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Where Taxpayers and Advisers Meet
HMRC Offers Time To Pay for Businesses Affected by Carillion Fallout (Amongst Others)
18/01/2018, by Lee Sharpe, Tax News - General
Rating: 1/5 from 1 people

The scale of the collapse of one of the largest construction companies in the UK is such that the consequences will ripple through the rest of the construction sector for some time. Many businesses will be caught up in the immediate aftermath; many more will not know that Carillion is one of their key clients’ key clients, etc., etc. And Carillion’s interests extended well beyond construction.

With a view to the impending 31 January Self Assessment payment deadline, HMRC’s Business Payment Support Service has announced that it is willing to help businesses caught up in the aftermath, such as:

  • Agreeing instalment arrangements if taxpayers are unable to pay tax on time following the Carillion collapse.
  • Suspend any debt collection proceedings.
  • Review penalties for missing statutory deadlines.
  • Reduce any payments on account.  
  • Agree to defer payments due to short-term cash flow difficulties.

Having spoken to HMRC on this, our understanding is that there will not be any special measures for taxpayers affected by Carillion’s liquidation specifically, but rather that HMRC realised that the events of the last few days may well have come out of the blue for many businesses and it wanted to broadcast that it has a system to help, if people need it.

I am also told that HMRC currently has 1.5million Time To Pay arrangements in place.

HMRC mentioned that it can also assist with Tax Credits, if people’s incomes look set to fall due to (e.g.) Carillion’s failure.

Purely from a tax perspective, we might also suggest:

  • If losses will arise, then they can be recognised and claimed – potentially with scope to claim back tax already paid for this and previous tax years, depending on circumstances.
  • If profits will fall then so will tax bills – a review (and reduction) of the impending personal tax payments on account for 2017/18 may be appropriate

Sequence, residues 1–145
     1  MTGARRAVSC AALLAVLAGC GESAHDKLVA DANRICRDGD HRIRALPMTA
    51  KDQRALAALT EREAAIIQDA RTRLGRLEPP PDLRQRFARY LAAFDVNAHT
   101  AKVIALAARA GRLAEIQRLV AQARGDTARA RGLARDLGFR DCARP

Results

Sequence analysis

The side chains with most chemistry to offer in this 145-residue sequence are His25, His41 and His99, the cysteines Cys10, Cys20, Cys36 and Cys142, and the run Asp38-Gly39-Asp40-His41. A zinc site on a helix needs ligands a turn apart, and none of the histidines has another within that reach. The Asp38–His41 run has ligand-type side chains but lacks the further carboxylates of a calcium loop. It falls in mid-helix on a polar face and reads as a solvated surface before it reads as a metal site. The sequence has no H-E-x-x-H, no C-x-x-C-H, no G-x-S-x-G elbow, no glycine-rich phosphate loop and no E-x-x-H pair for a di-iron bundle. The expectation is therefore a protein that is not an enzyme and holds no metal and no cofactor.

• Where personal incomes will fall, then it would be appropriate also to consider the effects on Child Benefit entitlement (where it had previously been ‘waived’ on the basis of a parent’s / guardian’s adjusted net income being too high) and whether or not its payment should be reinstated
  • For some employees, entitlement to tax-free childcare vouchers MAY be adjusted, (increased), depending on when reviewed and the anticipated effect on relevant incomes and the likely marginal tax rate then applicable to earnings

Top marks to HMRC for trying. It may be quite daunting for those with little or no experience of dealing with HMRC directly, but I think it is fair to say that HMRC’s approach towards those who appear to want to pay but cannot, is worlds apart from those who can, but don’t.

The service is open seven days a week between 8.00am and 8.00pm on weekdays, closing at 4.00pm on Saturday and Sunday: 0300 200 3835.  

For more information on the support available please go to

About The Author

Lee is TaxationWeb's Articles & News Editor and writes for TaxationWeb. He is a Chartered Tax Adviser with experience of advising individuals and owner-managed businesses over a broad spectrum of tax matters.
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